Another Mother’s Day, and another pause in the march of time to remember the birth of the child who made me a mother for the first time. I learned two amazing things that day. The first one was that they actually let you take this helpless infant home without any instructions.
My husband and I were equally amazed and terrified when they rolled me and the baby out the hospital’s front door and up to our pickup truck. (At the time, that was our only three-passenger vehicle. I still owned a two-seater sports car that I naively thought I could keep indefinitely.) He picked up our newborn and laid her gently in the car seat while I struggled with the high step into the truck a mere 12 hours after giving birth. I needed a running start but could only manage a wobble. When I finally collapsed into the seat I noticed my husband valiantly struggling to connect straps and clips without disturbing our tiny daughter.
“She’s too small for it,” he observed.
“Maybe if we stuff her blanket behind her?” I suggested.
Our daughter had to be wondering who the heck let these two clowns assume responsibility for her. As if to confirm my suspicion, she started to wail.
“Did you poke her? You must have poked her!” I was experiencing either the first stages of Mama Bearness or the last stages of medication.
“No, I didn’t poke her. She probably picked up on the fact that we don’t know what we’re doing.”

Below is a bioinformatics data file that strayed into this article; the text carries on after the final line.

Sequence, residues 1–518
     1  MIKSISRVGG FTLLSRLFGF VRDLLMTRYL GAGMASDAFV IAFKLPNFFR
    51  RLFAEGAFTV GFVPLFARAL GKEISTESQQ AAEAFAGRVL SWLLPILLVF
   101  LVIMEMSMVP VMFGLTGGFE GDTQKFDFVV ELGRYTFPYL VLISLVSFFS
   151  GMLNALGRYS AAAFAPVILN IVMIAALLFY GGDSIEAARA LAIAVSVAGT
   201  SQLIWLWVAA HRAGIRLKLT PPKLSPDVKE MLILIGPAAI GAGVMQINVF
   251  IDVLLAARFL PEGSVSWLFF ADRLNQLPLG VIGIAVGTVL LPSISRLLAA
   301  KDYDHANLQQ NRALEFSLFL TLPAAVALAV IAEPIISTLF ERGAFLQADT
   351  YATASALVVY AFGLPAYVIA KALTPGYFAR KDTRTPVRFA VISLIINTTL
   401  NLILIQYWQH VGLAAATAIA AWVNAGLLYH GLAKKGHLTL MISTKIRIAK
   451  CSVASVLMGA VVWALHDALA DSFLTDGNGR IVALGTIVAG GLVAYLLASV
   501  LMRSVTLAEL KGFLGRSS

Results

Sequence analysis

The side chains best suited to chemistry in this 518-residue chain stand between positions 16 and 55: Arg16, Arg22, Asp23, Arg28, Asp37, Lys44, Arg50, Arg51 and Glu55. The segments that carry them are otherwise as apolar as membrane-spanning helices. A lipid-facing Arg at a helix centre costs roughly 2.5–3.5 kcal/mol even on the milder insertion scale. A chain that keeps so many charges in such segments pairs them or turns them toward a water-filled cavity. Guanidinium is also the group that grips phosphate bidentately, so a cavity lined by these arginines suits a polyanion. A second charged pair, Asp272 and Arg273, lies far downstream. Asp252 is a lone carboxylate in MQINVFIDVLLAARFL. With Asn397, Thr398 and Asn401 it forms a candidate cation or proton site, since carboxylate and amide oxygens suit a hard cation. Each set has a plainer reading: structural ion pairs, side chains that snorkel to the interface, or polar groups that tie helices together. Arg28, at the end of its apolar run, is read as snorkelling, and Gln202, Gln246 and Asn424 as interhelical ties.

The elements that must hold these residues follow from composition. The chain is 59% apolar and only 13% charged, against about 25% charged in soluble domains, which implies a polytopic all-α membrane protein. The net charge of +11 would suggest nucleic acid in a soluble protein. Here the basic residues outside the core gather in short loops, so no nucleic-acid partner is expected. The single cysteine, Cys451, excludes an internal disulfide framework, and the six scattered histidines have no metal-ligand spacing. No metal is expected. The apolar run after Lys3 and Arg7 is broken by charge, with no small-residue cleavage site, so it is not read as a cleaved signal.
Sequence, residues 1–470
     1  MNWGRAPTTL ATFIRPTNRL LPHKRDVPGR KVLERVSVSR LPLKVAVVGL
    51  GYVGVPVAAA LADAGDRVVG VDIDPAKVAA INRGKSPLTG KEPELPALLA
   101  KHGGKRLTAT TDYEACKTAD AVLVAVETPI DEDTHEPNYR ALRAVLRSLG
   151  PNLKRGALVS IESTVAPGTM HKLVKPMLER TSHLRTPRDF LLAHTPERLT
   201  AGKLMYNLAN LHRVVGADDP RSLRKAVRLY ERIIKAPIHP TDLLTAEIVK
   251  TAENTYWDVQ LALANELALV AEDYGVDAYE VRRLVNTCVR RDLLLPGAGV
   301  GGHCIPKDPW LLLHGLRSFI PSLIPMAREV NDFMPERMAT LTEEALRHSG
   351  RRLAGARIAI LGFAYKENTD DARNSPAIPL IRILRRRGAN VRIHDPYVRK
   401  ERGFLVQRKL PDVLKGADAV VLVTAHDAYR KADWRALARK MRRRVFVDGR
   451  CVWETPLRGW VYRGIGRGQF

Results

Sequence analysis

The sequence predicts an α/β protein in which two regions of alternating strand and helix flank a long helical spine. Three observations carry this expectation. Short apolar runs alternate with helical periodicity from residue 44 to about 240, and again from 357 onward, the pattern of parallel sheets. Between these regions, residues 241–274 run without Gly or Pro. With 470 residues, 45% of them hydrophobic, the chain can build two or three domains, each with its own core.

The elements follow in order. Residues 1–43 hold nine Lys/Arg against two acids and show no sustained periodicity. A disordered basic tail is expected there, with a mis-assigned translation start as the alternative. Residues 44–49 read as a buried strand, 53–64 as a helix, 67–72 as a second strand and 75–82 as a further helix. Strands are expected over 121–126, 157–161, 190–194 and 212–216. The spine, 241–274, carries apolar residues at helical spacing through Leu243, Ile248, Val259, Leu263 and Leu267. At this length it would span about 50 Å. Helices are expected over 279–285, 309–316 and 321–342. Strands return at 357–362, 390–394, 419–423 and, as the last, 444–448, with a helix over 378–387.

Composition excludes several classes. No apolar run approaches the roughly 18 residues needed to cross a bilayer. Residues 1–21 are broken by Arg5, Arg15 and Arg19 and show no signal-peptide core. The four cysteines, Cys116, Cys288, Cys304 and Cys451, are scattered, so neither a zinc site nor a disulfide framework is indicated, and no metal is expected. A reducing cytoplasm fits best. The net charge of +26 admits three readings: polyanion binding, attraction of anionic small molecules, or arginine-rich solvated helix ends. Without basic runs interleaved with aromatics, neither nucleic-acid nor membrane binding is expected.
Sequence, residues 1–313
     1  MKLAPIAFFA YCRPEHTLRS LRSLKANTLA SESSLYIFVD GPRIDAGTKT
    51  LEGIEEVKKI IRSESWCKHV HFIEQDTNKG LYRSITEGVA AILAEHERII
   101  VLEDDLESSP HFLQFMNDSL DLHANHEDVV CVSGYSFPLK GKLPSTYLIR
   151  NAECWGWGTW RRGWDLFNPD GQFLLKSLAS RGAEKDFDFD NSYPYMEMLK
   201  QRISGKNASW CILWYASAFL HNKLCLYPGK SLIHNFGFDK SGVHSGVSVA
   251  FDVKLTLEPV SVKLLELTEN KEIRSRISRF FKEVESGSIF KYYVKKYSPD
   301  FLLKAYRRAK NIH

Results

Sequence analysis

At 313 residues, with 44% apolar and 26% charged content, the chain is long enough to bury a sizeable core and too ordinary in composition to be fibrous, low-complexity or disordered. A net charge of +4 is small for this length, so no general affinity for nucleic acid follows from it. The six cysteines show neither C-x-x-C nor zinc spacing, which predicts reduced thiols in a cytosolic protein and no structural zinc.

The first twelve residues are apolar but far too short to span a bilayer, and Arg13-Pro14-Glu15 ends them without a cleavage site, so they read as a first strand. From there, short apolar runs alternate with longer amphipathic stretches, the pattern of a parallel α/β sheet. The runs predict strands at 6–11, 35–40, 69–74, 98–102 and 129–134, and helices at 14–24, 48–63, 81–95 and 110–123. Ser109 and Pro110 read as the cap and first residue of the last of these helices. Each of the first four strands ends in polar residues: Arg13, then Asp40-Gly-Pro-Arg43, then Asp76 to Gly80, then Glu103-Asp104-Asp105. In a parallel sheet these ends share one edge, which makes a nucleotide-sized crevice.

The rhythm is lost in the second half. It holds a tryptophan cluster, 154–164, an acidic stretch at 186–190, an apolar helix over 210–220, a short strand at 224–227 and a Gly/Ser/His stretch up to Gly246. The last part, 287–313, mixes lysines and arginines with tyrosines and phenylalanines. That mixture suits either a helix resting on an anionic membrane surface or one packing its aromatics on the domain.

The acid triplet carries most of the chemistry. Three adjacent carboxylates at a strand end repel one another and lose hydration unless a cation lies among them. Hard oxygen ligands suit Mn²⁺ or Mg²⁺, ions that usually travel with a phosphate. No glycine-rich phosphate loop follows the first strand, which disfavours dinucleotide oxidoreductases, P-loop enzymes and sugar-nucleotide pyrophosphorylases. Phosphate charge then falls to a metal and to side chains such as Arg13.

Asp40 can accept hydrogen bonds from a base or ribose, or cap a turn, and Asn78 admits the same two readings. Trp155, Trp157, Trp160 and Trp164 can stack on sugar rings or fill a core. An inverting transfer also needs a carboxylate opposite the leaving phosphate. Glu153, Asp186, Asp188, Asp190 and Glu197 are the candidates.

“Shit. We’re in big trouble.”
Together we finally managed to get her in securely and headed for home. We took turns staring at this stranger between us and wondering what the heck to do with her.
Babies don’t come with instruction manuals, but they do come as teachers. Training new parents is certainly challenging, but there’s a timeworn and reasonably successful process. Parents learn signals quickly and begin to distinguish a hungry cry from a tired cry from an “it’s your turn to change the diaper” cry. (Not to be confused with the “running down the street with hands over ears” cry. That’s the parent cry, and that’s a whole ‘nother issue.) On rare occasions, when the parents do something right, they are rewarded with a smile. Most times the reward is simply a few moments of silence. It’s not unlike training puppies.
There’s also support from the community of experienced parents. They told us, for example, how to anchor the newborn when I confessed that the first time the two of us bathed her, handling her like surgeons, she slipped right out of my arms like a football and shot into the water. (Use a towel in the tub.) Or the patient mother-in-law who followed, without complaint, my rule to boil for three full minutes the pacifier that tipped onto the baby’s bib, and was nice enough not to point out three children later that I now wiped it on my shirt and stuck it back in the baby’s mouth, muttering something about the 4-second rule.
First time parents read a lot of books and measure their child’s progress like scientists. At what age she should be turning over. Sitting up. Crawling. “She skipped a stage! Is she a prodigy, or does that mean something’s wrong?” This is the same mother-me- who was not only surprised by slightly dismayed when my third child walked by. “He’s walking? Oh, no! Just what I need- another one mobile.” I may have pushed him down.
By the third child, parents are much more laid back. And more confident, since the first one survived. And was a good teacher.
I mentioned that I learned two amazing things. The second one? That is truly is possible to fall instantly in love forever.